Why Your Dad’s Comedy Is Still Very Much Your Comedy

You got more in common with the old man than you think.
Why Your Dad’s Comedy Is Still Very Much Your Comedy

After an unsuccessful harvest, why did the farmer decide to try a career in music? 

Because he had a ton of sick beets.

If you’re groaning, that’s because we just slapped you with a dad joke -- an embarrassingly bad pun that makes you kindasorta laugh, partly because it’s mildly clever, mostly because it’s so corny you can’t believe someone spoke it out loud.  Dad jokes have been around forever, but it’s only recently that they officially became a Thing.  As of 2019, “dad joke” is officially an entry in the Merriam-Webster dictionary

The thing about dad jokes -- and dad comedy in general -- is that it’s not your comedy.  Dad jokes are full of bad puns, the humor equivalent of the facepalm. You could almost make “bad joke” and “dad joke” synonymous:

How does a man on the moon cut his hair? Eclipse it.

Right?  But here’s a dirty little secret:  All of today’s best comedy is really just your dad’s comedy dressed up in modern clothing.  Don’t believe us?  Here are four examples of how your comedy looks an awful lot like the favorites of the guy who paid your allowance all those years.

Ted Lasso

Ted Lasso is the most decorated comedy of the 2020s, a feel-good sitcom that proves that optimism, determination, and buttery biscuits can overcome almost any obstacle.  When Lasso premiered on Apple TV in 2020, it was a breath of fresh air -- but that cool breeze feels a heck of a lot like comedies that have come before it. 

An overmatched team that somehow outperforms meager expectations?  Yeah, we’ve been here before.  The Bad New Bears (1976 and again in 2005), The Mighty Ducks (1992), Cool Runnings (1993), and A League of Their Own (1992) are all comedies your dad probably owned on DVD at some point -- mainly because they trade on the time-tested theme of sports underdogs rising to the occasion.  The longshots don’t even have to win -- simply coming together as a team is a victory in and of itself. 

OK, you might argue, but maybe what really makes Ted Lasso different is the unexpectedly kind nature of a man in a dog-eat-dog sports world. Dad might point you to Jerry Maguire, the Oscar-nominated Tom Cruise comedy about a sports agent who tries to bring friendship, trust, and goodwill to an industry seething with backbiting and greed. If Ted ever needed an agent, Jerry would be the perfect man for the job.


Maybe Ted Lasso is a bad example. At its heart, it’s a pretty traditional comedy that your dad probably enjoys today. So let’s take an edgier example -- the cringe-filled teen angst of pen15. The show has received a lot of well-deserved praise for its realistic portrayal of middle-school trauma, cut with the surreal aspect of adult comics playing their tween selves.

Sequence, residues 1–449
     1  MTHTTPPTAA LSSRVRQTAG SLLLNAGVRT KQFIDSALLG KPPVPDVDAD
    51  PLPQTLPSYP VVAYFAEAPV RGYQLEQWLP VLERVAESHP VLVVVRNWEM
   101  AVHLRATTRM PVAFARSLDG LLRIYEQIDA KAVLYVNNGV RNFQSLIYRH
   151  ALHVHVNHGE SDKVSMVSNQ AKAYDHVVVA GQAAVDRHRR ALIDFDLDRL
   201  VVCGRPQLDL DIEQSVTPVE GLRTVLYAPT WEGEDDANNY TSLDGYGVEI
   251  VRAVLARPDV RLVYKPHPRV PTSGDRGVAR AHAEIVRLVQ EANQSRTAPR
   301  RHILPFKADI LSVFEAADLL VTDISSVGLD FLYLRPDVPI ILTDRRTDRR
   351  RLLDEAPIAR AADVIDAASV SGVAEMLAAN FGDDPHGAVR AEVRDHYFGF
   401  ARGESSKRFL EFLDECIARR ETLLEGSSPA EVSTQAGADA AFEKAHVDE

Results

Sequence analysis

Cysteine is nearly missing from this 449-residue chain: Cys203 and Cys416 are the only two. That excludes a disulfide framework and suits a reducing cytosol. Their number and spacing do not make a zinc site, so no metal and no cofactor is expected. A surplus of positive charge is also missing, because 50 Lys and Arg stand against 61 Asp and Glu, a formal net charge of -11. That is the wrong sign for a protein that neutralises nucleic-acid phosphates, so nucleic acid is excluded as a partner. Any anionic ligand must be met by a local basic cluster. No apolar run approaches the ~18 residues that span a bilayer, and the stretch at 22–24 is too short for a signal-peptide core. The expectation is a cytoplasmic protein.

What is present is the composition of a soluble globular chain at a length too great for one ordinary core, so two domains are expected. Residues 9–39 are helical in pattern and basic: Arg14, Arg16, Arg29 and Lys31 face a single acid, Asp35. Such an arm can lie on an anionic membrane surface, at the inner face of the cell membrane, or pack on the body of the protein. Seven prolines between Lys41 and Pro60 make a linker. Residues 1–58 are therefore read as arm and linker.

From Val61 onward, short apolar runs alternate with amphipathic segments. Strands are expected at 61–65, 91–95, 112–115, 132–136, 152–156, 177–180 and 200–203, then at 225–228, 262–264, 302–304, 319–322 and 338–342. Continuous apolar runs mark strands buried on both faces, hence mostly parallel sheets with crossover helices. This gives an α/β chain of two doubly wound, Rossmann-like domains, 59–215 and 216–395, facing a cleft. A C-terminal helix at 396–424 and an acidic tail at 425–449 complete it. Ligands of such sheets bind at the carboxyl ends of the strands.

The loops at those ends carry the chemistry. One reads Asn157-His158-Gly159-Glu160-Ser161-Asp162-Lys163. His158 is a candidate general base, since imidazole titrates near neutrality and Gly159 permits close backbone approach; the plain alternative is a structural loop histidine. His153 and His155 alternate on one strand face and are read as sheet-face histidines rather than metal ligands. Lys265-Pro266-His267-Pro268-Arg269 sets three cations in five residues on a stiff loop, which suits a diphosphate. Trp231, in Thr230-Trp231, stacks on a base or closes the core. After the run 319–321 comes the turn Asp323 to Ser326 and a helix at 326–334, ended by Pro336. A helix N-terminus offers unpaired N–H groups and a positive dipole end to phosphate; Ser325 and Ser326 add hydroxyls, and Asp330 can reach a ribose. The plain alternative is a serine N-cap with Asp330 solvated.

But once again, Dad has been here before.  Freaks and Geeks (1999), My So-Called Life (1994), and Awkward (2011) are among the shows that walked this comedy road, finding uneasy humor in the pain of adolescence. 

And adults playing younger versions of themselves? Dad faves Paul Rudd, Bradley Cooper, and Amy Poehler get a lot of comedy mileage playing their younger selves in 2015’s  Wet Hot American Summer: First Day of Camp. Seriously, guys, we can’t with the wigs.

Sarah Squirm

Let’s take one giant step further away from Pops with body-horror comic Sarah Squirm.  Big Daddy never enjoyed gross-out comedy about chest pubes and testicle sacks, right?  

Well, maybe not chest pubes specifically.  But he did have Sarah’s Adult Swim buddies Tim and Eric, who have been making the magic happen since 2007.  You want uncomfortable areola humor?  The fellas got you covered.

Heck, even Baby Boomer Dana Carvey had puppies suckling on his nipples back in the 1990s.  Using the body’s inherent grossness for shock humor has been around the block a few times.

John Mulaney

Boomer Candice Bergen summed it up for many dads when she congratulated John Mulaney on joining Saturday Night Live’s exclusive hosting fraternity.  “Welcome to the Five-Timers Club,” she said. “And let me be the first person to say, ‘Who are you?’”

Mulaney’s response: “Well Candice, you wouldn’t know me but if you have a niece or a son who’s bad at sports, they might.”

So OK, maybe your dad doesn’t know all the deets about Mulaney’s recent intervention or the Olivia Munn social media drama.  But Papi definitely is familiar with the type of ironic storytelling comedy for which Mulaney is famous.  John himself is quick to point out his influences, 90s and 00s comics your dad might have seen in the club back in the day.

“When you first start, you sound like a lot of your contemporaries just out of sheer survival or mimicry. Mike Birbiglia, Dave Attell,” Mulaney told the Chicago Reader. “There’s a few I can’t name anymore, I guess.”

(We’ll go out on a limb and deduce that Mulaney is referring to troubled comics Louis C.K. and Dave Chappelle, especially given the dust-up when Chappelle opened for John earlier this year.)

More influences? “Then there are people like Paul F. Tompkins that I would listen to and go, “That is how I would like to do stand-up comedy.”  It’s not hard to imagine Mulaney relating an embarrassing story like this …

We could go on.  The point isn’t that contemporary comics aren’t doing original work -- comedians have always been influenced by and built on the work of the funny people that came before them.  But maybe we shouldn’t be so quick to diss Dad’s treasured comedy movies, sitcoms, and performers. They might be a lot closer to your favorites than you think. 

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